To the editor:
The editorial on Medicaid in Monday’s Review-Journal (“More ER visits, higher costs to public”) bypasses one important reality: Emergency rooms — in hospitals, urgent care centers or otherwise — aren’t what they used to be. Regardless of the facility, it is an unsystematic mess, with several classes of users all seeking the same space and attention. Who knows when or how they might make it to triage?
Emergency (aka trauma) patients are accepted as such if they arrive by ambulance and are pre-screened. It is also where really sick people now wait hours for rationed treatment, regardless of finances. The reasons for such waits may be attributed to medical professionals not wanting your germs in their offices, or due to the requirements of accepting all patients, regardless of whether they will or can pay their way. Time is wasted everywhere.
Patients sent by doctors for scheduled services are delayed while personal history and documents are again reviewed and entered, even if the forms had already been completed in advance. And how about those who are truly sick and needy, sitting for hours in the waiting room without even a call button?
RICHARD E. LAW
Paying for health care
To the editor:
Regarding Paul Harasim’s column (“Everyone should get health care,” Monday Review-Journal), while I agree that everyone should get health care, I have a problem with the expectation that the government should pay for it. When are the taxpayers going to get full credit for being the government that actually pays the bills?
I’m no expert on the subject, but I read the newspaper and watch the news, and I don’t recall much regarding those countries belonging to the Organization for Economic Cooperation and Development and having universal health coverage as being involved in policing the world, as the United States is. Are those countries spending billions on foreign aid and military intervention in other countries? Do they allow illegal immigrants to live and work in their countries, then provide them with health care? Are they considering allowing 11 million more immigrants into their countries and offering them health care?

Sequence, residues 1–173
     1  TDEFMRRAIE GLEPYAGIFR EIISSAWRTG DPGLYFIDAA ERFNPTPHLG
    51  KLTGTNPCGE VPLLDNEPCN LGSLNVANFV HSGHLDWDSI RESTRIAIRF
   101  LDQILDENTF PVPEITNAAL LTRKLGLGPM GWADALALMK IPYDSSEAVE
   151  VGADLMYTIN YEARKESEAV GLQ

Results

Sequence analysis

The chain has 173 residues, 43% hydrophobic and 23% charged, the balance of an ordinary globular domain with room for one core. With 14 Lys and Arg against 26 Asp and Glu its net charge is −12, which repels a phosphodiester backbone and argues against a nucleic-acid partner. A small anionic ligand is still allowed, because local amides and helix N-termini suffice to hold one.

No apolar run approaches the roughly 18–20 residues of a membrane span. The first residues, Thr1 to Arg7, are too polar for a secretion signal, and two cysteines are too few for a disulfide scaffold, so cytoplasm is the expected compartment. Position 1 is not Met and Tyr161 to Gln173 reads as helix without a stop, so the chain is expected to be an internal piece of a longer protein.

I have to admit to having no answers on providing universal health care, but I’m a little tired of those who advocate it while not providing any solutions other than to raise taxes. If those other countries are so generous with health care, why does the U.S. seem to be the country that can’t control the influx of illegal immigrants?
BILL L. WILSON
National Finals Rodeo
To the editor:
Was no one appalled by the way Las Vegas Events’ grand poobahs and other city leaders responded to the Professional Rodeo Cowboys Association’s announcement of possibly taking the National Finals Rodeo elsewhere? The entire upper echelon from Las Vegas Events and others in leadership roles related to the NFR should be summarily dismissed. They fell over themselves, rushing to the nearest microphone/camera to announce that, in effect, it was no big deal if the NFR left. Michael Gaughan yammers he can cobble together a competing event in no time. What a way to conduct diplomacy and carry out sensitive negotiations, by use of threats and attempts at intimidation.
We looked bush-league in the extreme. Everyone knew the NFR contract was coming up for renewal. Didn’t Las Vegas Events expect other cities would attempt to lure away a big player like the NFR? Arrogance ruled the day as Las Vegas Events assumed the PRCA would re-up at whatever modest scraps were offered as incentives. When the PRCA looked at another very lucrative offer from Osceola County, Fla., Chicken Little ruled the day around here. The clucking and flapping of arms was deafening. Have our representatives never heard of quiet negotiation?
Everything else being equal and proper respect shown, together with quiet discussions, I think the PRCA would probably prefer to stay in Las Vegas. But Las Vegas needs to accept that it is all about the money. Who should know that better than people in this town?
Many of these rodeo participants have a short shelf life. It’s just too hard and dangerous a sport. A lot more prize money is very tempting. The Florida offer was way above what Las Vegas was paying. Who can blame the PRCA if it accepted that offer, especially after the dressing down they received in the media, courtesy of the very people we trusted to keep the event here? Too bad these jokers never heard the old sales axiom that it’s easier to keep a good customer than to find a replacement.